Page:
What you need to know about Swansea
Dylan Thomas once called Swansea an “ugly, lovely town”, and this paradox still holds true today. On the face of it, Swansea lacks the architectural charm of Cardiff, but extend your horizons a little and you’ll discover art, theatre, culture, a stunning seafront coastline and some of the most beautiful countryside in the UK.
Swansea has received a lot of investment and renewal in recent years, injecting a little of Cardiff’s sophistication into this former port with attractions like the National Waterfront Museum and the new marina development. And even better, Swansea still retains its fiercely patriotic Welsh heart, making it a charming seaside city full of pride and passion.
Food and drink
Swansea is a great place to try local specialties like Welsh laverbread and cockles, and you’ll find these in many of the local restaurants and cafés. Gower salt marsh lamb has a deliciously sweet flavour and is well worth sampling whilst you’re in the city. Local fayre aside, Swansea has a great selection of international cuisine, from Mexican and Italian to Indonesian and Greek. If you’re looking for ingredients to cook in your serviced apartment, Swansea Market in Oxford Street has supplied the city’s restaurants for decades, so it’s great place to pick up meat, fish and fresh local produce.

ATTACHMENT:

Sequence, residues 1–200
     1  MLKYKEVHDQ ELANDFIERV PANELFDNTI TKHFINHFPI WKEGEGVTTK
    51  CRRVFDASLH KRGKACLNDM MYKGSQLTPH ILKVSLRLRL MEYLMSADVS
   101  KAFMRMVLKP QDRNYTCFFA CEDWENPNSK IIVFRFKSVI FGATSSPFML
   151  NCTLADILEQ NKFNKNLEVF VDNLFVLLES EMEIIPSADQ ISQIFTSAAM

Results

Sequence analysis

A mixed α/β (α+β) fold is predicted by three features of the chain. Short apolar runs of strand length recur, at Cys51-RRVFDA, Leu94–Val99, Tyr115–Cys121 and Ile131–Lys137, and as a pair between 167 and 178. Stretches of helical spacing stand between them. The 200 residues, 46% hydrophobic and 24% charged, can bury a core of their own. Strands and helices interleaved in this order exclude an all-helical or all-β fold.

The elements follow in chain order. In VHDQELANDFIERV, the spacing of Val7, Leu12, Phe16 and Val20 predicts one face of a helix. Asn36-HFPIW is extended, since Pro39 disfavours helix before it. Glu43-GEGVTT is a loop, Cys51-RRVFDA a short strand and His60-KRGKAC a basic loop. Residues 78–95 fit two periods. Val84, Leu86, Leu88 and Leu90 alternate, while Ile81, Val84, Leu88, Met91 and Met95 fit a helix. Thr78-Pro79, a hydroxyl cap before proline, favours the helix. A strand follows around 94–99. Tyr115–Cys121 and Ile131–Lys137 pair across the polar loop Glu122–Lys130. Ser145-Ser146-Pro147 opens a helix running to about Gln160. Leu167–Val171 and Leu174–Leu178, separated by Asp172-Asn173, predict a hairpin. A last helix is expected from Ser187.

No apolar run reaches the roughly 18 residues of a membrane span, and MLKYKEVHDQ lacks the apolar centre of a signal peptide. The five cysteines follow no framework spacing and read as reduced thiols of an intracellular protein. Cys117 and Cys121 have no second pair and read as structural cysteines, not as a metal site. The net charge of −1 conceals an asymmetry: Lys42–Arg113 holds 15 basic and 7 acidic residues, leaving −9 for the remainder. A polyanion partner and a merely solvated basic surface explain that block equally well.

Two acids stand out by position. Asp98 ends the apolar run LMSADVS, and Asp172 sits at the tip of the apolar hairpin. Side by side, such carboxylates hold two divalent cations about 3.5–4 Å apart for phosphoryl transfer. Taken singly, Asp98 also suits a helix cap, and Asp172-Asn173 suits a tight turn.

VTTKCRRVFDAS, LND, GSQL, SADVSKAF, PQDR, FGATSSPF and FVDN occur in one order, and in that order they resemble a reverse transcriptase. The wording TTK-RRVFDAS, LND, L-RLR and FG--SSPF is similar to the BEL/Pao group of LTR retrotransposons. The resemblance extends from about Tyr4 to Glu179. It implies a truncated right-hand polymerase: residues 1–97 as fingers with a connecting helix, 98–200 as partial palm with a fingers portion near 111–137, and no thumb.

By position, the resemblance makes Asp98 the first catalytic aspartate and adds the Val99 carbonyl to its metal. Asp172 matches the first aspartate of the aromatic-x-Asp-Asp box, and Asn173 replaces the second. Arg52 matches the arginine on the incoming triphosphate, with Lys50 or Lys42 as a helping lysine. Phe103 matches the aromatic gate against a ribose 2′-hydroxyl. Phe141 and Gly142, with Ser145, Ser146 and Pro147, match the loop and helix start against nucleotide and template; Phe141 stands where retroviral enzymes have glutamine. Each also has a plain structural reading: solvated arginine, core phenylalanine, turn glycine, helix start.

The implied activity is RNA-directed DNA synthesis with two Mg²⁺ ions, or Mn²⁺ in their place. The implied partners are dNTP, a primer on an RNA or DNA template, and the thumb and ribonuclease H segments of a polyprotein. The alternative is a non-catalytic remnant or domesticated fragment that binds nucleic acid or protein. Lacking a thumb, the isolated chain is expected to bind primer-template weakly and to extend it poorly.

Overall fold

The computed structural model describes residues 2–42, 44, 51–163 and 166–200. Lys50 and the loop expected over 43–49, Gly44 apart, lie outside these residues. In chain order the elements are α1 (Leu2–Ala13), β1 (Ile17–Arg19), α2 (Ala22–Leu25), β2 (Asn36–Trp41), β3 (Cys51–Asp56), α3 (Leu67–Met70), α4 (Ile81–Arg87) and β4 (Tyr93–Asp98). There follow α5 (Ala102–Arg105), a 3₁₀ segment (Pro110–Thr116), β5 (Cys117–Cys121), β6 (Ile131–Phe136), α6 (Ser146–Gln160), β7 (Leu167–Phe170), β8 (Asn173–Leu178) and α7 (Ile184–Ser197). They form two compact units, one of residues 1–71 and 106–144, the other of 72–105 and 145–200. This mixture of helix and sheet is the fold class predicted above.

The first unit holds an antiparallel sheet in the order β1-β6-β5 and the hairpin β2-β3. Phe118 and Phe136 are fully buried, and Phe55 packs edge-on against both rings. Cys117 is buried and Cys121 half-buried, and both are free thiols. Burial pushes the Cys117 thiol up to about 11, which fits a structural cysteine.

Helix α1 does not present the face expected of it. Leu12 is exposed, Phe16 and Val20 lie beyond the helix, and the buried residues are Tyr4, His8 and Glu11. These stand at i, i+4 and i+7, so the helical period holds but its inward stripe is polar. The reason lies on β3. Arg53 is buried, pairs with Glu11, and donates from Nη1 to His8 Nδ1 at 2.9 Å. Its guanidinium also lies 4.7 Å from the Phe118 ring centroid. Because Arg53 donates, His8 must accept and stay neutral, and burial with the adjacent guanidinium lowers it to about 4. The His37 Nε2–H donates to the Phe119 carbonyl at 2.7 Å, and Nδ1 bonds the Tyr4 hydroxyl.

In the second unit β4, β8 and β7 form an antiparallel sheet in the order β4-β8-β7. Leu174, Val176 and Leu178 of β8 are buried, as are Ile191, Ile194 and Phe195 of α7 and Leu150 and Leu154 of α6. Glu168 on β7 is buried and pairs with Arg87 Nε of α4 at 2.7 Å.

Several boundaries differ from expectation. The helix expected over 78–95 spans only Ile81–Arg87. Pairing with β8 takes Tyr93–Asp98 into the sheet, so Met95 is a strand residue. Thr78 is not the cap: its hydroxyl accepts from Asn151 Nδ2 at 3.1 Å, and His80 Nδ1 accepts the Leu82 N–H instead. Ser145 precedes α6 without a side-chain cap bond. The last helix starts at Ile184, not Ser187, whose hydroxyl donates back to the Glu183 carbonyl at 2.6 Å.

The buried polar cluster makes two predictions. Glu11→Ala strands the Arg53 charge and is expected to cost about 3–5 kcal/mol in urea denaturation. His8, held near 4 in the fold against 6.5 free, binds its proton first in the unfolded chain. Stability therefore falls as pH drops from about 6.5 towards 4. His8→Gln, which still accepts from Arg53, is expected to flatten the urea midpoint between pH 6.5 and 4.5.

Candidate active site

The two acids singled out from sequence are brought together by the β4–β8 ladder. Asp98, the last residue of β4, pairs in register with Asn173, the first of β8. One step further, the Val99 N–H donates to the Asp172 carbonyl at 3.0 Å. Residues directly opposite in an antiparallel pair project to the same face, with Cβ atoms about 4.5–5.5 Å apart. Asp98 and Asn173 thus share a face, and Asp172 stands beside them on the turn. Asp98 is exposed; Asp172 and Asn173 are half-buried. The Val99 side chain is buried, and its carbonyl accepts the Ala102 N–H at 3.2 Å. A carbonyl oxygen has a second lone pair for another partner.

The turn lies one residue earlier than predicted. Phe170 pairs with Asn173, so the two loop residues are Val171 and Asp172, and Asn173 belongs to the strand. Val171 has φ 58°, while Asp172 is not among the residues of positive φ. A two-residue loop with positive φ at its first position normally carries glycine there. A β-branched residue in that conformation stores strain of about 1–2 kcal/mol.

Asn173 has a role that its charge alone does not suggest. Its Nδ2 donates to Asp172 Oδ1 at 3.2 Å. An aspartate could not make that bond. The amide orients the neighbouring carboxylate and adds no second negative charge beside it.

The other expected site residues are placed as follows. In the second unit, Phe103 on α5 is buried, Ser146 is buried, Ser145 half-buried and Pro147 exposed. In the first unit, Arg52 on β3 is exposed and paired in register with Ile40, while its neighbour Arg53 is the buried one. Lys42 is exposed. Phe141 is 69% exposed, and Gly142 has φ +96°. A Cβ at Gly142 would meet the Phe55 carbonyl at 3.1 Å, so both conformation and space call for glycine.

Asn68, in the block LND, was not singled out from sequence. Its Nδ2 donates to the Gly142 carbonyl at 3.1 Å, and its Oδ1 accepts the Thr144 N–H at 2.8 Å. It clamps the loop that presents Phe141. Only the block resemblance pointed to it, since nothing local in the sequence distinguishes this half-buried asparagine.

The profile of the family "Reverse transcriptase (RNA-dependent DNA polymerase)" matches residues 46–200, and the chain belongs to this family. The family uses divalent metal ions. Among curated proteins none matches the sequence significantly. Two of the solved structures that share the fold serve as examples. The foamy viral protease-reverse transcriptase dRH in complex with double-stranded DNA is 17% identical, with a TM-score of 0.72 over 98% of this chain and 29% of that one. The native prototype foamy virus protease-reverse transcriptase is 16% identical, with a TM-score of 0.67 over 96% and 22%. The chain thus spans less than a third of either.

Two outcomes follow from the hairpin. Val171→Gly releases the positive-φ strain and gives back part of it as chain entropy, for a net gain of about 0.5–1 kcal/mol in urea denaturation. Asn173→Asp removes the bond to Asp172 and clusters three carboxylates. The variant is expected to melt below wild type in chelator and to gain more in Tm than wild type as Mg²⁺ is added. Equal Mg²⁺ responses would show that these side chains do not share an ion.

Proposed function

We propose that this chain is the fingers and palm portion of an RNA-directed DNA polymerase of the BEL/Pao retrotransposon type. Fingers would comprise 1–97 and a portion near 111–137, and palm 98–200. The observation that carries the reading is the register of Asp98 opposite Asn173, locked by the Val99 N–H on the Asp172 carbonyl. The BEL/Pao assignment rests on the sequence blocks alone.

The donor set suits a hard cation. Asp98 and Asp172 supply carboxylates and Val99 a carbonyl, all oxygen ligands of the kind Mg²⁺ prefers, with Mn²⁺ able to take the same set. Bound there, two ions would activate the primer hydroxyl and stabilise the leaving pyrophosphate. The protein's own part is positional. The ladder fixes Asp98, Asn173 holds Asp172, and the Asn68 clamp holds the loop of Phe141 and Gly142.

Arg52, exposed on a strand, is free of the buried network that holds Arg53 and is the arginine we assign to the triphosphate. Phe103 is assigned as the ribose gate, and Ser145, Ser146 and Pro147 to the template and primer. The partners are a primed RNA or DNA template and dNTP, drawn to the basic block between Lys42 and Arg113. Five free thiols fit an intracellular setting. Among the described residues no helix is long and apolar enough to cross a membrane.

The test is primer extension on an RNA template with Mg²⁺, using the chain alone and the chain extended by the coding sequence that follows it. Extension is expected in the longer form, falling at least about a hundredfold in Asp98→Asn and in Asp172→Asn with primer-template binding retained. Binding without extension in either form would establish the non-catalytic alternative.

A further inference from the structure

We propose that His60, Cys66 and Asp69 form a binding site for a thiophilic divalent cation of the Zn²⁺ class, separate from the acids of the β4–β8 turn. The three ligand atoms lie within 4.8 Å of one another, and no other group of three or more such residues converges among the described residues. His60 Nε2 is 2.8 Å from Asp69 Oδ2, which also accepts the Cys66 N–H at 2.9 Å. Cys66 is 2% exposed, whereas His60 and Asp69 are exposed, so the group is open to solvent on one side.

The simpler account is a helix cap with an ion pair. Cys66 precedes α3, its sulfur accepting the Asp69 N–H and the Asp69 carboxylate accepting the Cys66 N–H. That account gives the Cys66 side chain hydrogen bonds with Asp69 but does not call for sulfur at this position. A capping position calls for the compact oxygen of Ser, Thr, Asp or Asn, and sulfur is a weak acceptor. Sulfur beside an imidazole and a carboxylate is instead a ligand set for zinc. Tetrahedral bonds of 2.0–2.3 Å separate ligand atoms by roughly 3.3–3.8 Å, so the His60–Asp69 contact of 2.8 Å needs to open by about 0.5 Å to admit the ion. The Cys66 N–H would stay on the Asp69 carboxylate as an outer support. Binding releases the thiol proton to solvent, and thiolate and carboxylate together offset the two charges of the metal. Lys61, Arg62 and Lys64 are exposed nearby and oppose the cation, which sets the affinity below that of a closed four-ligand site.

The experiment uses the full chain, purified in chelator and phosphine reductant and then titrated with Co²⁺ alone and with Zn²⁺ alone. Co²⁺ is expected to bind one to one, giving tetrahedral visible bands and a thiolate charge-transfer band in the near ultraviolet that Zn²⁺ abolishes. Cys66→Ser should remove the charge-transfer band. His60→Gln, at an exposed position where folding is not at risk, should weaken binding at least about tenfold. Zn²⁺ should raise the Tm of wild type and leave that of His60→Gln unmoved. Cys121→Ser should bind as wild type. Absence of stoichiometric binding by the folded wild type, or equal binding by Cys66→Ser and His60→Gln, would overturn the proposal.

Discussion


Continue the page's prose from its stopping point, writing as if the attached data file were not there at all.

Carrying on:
The centre of Swansea is a good place for browsing the shops, from the high street names in Oxford Street and the Quadrant Shopping Centre, to the independent stores in the many arcades around the High Street. Swansea Market has over 100 stalls open six days a week, and sells everything from fresh produce to flowers, fashion, beauty and books. If you’re looking for more designer labels and high end stores, it’s less than an hour by train to Cardiff, which has some of the best shopping in the UK.
Swansea’s regeneration over recent years has bought lots of new businesses to the area, including Admiral Group, HSBC, Virgin Media, BT and Amazon.co.uk. Virgin Atlantic also has its call centre in Swansea, and the city is home to the DVLA headquarters, which is a large local employer.
Swansea is easy to get to by car or train – it’s just off the M4, or there are regular trains from London Paddington via Bristol and Cardiff. Buses in the city are good value and well used; but if you prefer two wheels, there are four dedicated cycle routes around the city. The city centre and new waterfront development are best explored on foot, with fantastic views of the Gower and the Cambrian Hills.
Things to watch out for
Swansea is officially Britain’s wettest city – it rains a LOT in this neck of the woods, so dress for the occasion and don’t forget to bring an umbrella!